Impression: A powerful interior lineman who is ideally suited to play inside in the NFL.

Daverin Geralds: No. 72, C, 6-2, 312

Snaps and steps quickly and is a decent overall athlete in space. Gets out to the second level well and has the athleticism to hit a moving target away from his frame.

A fluid lineman in pass protection who slides well laterally but lacks the quickness to consistently mirror sudden defensive linemen.

Struggles to stay balanced when engaged and allows defensive linemen to muscle their way across his frame.

Impression: An average NFL athlete, but lacks balance when engaged.

Reid Neely: No. 71, OG, 6-6, 310

Notes: Showcases a quick first step with a flexible, strong base and does a nice job winning initial hand battles. Possesses the quickness to reach DTs off his frame and angle them away from the play.

Drives his legs through contact, works until the whistle and does a nice job fighting to say on blocks. However, he will lose his balance at times and overextend himself, which allows DTs to counter his initial surge.

Has the athletic ability to pull and get out to the second level, but struggles breaking down in space and hitting a moving target. Doesn’t have heavy hands, and even when he gains inside position, his blocks are easily shed.

Impression: A tough, experienced lineman with the athletic skill set to play inside in the NFL.

Mississippi Defense

Greg Hardy: No. 86, DE, 6-4, 265

NOTES: A sudden athlete who displays the burst to consistently reach the corner. Possesses the body control and flexibility to dip under tackles and gain initial leverage on contact.

Does a nice job mixing up his pass rush and has the coordination and lateral mobility to counter inside and fight through blocks. Exhibits good lower body strength and is a lot stronger at the point of attack than given credit for.

Lacks elite closing speed, but works hard in pursuit and plays until the whistle. Needs to do a better job using his hands to avoid being cut down at the line of scrimmage, which should in turn help him avoid further injuries.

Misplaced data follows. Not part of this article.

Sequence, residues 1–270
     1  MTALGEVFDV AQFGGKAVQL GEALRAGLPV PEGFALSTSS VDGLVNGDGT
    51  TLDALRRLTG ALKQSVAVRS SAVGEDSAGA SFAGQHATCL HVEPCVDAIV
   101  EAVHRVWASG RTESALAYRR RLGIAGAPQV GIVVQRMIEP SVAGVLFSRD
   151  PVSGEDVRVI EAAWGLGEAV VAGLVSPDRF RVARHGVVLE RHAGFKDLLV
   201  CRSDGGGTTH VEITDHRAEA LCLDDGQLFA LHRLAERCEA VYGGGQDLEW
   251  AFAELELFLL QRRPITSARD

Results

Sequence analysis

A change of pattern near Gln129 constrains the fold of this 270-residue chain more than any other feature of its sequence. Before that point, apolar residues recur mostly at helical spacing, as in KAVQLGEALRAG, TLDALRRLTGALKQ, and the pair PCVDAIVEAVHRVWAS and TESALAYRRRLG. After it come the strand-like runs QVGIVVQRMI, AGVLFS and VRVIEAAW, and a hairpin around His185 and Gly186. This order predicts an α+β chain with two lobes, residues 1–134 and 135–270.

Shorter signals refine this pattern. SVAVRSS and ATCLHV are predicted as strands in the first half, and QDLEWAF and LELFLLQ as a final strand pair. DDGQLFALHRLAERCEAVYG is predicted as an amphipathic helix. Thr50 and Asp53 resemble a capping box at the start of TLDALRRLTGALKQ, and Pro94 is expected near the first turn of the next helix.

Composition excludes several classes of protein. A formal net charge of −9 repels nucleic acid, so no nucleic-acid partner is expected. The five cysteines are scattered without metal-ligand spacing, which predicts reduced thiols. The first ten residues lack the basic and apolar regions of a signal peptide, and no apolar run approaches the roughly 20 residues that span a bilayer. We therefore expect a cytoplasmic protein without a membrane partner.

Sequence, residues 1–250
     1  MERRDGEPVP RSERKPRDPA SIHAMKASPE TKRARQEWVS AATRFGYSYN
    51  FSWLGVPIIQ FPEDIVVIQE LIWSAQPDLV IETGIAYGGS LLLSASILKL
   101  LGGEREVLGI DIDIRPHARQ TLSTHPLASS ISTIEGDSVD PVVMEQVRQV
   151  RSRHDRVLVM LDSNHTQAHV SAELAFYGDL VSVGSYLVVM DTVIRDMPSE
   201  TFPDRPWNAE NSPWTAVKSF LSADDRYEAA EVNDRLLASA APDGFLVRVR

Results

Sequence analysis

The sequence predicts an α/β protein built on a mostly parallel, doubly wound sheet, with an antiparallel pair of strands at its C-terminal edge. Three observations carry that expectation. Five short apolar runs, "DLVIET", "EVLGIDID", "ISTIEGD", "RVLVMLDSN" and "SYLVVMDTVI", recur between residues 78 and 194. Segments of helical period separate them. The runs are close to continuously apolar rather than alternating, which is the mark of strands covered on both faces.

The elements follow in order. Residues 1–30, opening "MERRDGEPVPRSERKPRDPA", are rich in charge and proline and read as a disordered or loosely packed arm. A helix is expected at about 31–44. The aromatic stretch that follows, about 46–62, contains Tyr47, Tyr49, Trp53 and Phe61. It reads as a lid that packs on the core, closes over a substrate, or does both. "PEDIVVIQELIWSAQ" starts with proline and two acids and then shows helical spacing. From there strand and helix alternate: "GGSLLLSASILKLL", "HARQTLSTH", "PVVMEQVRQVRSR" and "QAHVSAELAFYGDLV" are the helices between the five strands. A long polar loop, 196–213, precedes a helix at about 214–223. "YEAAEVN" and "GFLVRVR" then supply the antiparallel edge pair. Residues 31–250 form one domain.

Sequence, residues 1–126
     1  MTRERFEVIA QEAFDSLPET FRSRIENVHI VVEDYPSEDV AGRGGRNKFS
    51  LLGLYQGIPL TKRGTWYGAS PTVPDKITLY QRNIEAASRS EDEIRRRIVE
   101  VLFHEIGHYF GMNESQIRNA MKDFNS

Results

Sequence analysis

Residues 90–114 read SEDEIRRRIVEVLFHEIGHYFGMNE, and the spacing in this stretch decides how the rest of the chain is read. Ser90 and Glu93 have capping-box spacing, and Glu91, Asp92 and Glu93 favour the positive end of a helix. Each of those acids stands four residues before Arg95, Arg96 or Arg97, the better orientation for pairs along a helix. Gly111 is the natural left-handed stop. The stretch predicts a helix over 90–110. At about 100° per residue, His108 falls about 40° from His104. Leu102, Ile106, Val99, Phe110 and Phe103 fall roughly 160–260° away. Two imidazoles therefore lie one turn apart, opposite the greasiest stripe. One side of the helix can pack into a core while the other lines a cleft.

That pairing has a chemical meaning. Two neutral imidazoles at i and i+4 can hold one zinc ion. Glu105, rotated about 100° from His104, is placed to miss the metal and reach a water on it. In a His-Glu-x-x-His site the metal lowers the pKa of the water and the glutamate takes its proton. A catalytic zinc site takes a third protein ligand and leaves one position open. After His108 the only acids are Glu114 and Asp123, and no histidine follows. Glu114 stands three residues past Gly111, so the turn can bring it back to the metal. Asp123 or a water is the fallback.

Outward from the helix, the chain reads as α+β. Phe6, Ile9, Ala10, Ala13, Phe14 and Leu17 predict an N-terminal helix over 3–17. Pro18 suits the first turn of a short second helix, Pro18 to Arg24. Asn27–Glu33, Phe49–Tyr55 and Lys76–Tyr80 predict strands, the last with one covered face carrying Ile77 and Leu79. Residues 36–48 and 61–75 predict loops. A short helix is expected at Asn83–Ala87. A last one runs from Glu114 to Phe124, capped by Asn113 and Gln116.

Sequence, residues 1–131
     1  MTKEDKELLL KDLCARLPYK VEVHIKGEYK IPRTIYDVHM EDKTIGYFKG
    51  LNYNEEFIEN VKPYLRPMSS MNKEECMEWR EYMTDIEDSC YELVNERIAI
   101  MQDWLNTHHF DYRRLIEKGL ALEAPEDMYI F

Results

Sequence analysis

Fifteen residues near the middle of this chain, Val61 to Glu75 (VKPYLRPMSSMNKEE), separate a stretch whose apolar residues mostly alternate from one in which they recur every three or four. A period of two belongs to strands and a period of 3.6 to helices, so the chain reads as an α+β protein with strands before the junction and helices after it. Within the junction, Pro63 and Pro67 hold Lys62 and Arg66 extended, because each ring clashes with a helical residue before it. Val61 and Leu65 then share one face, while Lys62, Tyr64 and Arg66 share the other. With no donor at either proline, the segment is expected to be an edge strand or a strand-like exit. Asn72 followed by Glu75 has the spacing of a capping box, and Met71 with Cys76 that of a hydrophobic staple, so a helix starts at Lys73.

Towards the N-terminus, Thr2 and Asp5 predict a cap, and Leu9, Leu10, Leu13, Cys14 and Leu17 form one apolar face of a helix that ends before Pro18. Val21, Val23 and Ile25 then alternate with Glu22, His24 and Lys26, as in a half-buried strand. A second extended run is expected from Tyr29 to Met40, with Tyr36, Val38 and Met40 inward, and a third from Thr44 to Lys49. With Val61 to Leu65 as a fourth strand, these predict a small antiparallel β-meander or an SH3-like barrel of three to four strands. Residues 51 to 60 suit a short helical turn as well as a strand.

Impression: An explosive, polished pass rusher who looks like a key NFL contributor.

Marcus Tillman: No. 92, DE, 6-4, 260

NOTES: A flexible athlete who coils up into his stance well but doesn’t take a positive first step off the ball and has a tendency to get too high in his pass rush. Isn’t real physical and doesn’t like to take on blocks.

Doesn’t use his hands well at the point of attack and will simply throw his shoulder into blockers and allow himself to get taken out of plays.

Showcases good body control and change-of-directions skills as a pass rusher and exhibits the closing speed to get after the quarterback.

Has the ability to add a half step off the ball with some work on his stance.

Impression: Demonstrates some raw pass rush ability but isn’t physical at the point of attack.

Lawon Scott: No. 96, DT, 6-1, 322

NOTES: A gifted athlete for his size. Does a nice job using his hands to keep defenders off his frame and avoiding being cut down at the line of scrimmage.

Possesses a powerful lower half but has a tendency to get too upright when asked to make plays away from his frame and on his pass rush. Displays some lateral quickness as a pass rusher, but doesn’t consistently exhibit a low pad level.

Has the ability to push the pocket, but at times plays too cute and refuses to use his natural lower body strength to overpower defenders. Works hard in pursuit but ends up on the ground too much and lacks great awareness off the snap.

Impression: Has NFL starting potential but needs to learn to play with more grit and a lower pad level.

Patrick Trahan: No. 7, OLB, 6-3, 228

NOTES: An athletically gifted linebacker who showcases impressive explosion and closing burst to the football. Possesses great speed and fluidity in all areas of his game. Is comfortable in space and was even asked to line up over the slot receiver at times last season.

However, he isn’t very physical and struggles shedding blocks, even against wideouts.

Isn’t the most instinctive linebacker and is slow to read run/pass keys, but the athletic ability is there. Makes most of his plays in pursuit and has the closing speed to play sideline to sideline.

Impression: An athletically gifted linebacker who plays well in space; an ideal Cover 2 guy.

Be sure to check out the rest of my breakdowns at www.nationalfootballpost.com/the-scouting-department.html